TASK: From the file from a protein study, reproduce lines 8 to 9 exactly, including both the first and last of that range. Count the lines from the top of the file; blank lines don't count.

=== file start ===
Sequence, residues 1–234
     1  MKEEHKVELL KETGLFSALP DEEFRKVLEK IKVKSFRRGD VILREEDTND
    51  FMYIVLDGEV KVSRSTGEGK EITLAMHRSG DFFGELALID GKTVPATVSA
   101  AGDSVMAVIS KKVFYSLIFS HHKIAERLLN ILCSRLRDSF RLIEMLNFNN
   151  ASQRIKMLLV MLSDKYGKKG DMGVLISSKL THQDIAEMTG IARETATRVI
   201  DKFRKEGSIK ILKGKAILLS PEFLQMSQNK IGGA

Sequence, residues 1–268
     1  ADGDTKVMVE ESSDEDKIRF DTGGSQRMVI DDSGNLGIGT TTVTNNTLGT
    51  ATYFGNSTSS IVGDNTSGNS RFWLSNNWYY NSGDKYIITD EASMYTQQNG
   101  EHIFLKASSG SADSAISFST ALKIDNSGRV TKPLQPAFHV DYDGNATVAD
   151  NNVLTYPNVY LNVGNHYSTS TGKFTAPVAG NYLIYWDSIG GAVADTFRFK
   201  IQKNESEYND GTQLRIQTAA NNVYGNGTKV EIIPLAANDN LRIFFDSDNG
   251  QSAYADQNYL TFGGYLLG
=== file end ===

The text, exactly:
     1  ADGDTKVMVE ESSDEDKIRF DTGGSQRMVI DDSGNLGIGT TTVTNNTLGT
    51  ATYFGNSTSS IVGDNTSGNS RFWLSNNWYY NSGDKYIITD EASMYTQQNG